Hundreds are expected to gather outside Parliament this evening to protest against the Digital Economy Bill
Hundreds of people are expected to gather in front of Parliament at around 5.30pm today, to protest against Government plans to cut people's internet connections and allow web blocking.
Protesters will hold up black placards and will be gagged or blindfolded, symbolising the disconnection penalties and censorship that will become law if the Digital Economy Bill is passed by Parliament.
In its current form the Bill allows disconnection for alleged copyright infringement, web blocking and presents a very serious threat to open wireless networks.
Despite the huge controversy these clauses have generated, there are serious fears that the Bill will be pushed through Parliament without proper scrutiny or debate.
This is known as ‘wash up’ and Jim Killock, executive director of The Open Rights Group (Org) said: “We are appalled that the basic tool of our society – the internet – could be taken away from people because of copyright infringement.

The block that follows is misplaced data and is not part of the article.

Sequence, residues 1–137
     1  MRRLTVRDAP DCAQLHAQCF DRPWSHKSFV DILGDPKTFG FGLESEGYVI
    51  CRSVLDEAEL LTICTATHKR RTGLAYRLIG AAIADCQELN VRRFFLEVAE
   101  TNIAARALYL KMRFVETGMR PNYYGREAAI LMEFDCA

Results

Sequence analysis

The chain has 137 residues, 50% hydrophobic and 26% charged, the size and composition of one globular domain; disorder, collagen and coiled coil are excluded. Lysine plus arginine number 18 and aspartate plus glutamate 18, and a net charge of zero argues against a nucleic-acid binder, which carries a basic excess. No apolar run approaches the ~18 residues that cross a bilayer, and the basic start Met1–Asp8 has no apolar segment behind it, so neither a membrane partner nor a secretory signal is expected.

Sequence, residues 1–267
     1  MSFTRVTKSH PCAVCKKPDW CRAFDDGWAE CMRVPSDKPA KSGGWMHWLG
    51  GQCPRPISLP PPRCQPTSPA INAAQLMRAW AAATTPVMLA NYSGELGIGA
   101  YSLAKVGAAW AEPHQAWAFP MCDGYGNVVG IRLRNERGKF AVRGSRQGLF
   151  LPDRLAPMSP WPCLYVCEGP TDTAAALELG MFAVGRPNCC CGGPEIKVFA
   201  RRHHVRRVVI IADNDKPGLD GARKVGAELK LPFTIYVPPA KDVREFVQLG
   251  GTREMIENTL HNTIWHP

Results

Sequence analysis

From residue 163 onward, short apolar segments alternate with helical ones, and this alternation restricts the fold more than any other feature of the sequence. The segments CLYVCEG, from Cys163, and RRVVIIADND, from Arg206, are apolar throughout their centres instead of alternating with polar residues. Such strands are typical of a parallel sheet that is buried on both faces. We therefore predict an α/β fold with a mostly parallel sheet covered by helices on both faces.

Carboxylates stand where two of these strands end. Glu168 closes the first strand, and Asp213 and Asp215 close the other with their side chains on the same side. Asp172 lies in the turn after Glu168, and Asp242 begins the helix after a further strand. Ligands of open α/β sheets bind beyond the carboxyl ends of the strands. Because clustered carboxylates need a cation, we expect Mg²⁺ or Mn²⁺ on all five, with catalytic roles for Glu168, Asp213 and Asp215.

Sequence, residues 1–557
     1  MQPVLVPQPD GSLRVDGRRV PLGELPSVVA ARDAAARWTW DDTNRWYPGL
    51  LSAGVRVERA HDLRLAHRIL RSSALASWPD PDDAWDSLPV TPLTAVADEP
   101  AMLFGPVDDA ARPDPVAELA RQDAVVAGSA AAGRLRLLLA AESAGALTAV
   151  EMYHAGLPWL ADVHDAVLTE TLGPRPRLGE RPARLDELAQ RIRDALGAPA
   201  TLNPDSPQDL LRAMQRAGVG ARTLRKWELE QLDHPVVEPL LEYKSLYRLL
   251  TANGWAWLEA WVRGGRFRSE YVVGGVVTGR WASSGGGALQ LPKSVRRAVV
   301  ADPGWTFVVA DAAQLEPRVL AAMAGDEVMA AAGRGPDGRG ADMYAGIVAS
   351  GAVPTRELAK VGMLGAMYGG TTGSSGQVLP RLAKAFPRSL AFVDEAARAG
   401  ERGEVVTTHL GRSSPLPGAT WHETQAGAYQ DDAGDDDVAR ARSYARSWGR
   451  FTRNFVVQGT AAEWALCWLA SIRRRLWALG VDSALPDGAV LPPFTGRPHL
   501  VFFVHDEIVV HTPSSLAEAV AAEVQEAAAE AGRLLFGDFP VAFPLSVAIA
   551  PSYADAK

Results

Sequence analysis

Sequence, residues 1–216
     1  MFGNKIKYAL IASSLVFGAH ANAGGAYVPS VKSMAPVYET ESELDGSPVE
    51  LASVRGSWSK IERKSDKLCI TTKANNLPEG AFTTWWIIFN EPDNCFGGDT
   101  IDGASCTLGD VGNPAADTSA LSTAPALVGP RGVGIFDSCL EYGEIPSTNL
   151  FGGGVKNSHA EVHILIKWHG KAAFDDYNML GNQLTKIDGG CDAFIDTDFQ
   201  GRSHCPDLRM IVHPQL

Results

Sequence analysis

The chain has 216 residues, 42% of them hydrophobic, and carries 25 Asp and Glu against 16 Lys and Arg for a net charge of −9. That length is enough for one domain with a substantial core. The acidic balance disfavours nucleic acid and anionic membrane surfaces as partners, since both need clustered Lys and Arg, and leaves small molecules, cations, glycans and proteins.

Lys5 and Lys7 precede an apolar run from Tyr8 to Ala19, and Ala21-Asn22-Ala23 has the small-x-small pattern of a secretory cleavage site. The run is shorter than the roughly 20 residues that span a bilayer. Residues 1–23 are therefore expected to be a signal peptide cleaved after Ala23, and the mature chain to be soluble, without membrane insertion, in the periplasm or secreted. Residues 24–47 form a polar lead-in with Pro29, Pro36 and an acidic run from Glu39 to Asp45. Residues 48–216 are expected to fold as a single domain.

“We are even more appalled that this could all happen without democratic scrutiny, especially after revelations that industry lobbyists have been writing chunks of the Bill, and at least one Lord failed to declare an interest in the amendment put forward.”
The Digital Economy Bill has sparked huge controversy since it was published in November last year. Opponents to the Bill believe that disconnection from the internet and web blocking threatens freedom of speech and would allow censorship.
They also warned that without the appropriate legal scrutiny the Government’s plans will criminalise innocent people and prevent them from conducting their lives, work or education online.
The Org, which is leading the campaign against the Bill, said Harriet Harman is expected to tell Parliament tomorrow if this will happen.
“Harman will have to say whether the scandalous levels of lobbying, insertion of web blocking clauses by the BPI and at least one Lord failing to declare an interest make any difference to Parliament: or whether the Bill can be rammed through without scrutiny during ‘wash up’,” the civil rights body said.
According to the Org, more than 12,000 members of the public have sent letters to their MPs urging them to demand a debate over the controversial Bill in the House of Commons.
As well as today's protest the organisation is continuing to urge people to lodge their protest at the 38 Degree website or to email their MP.
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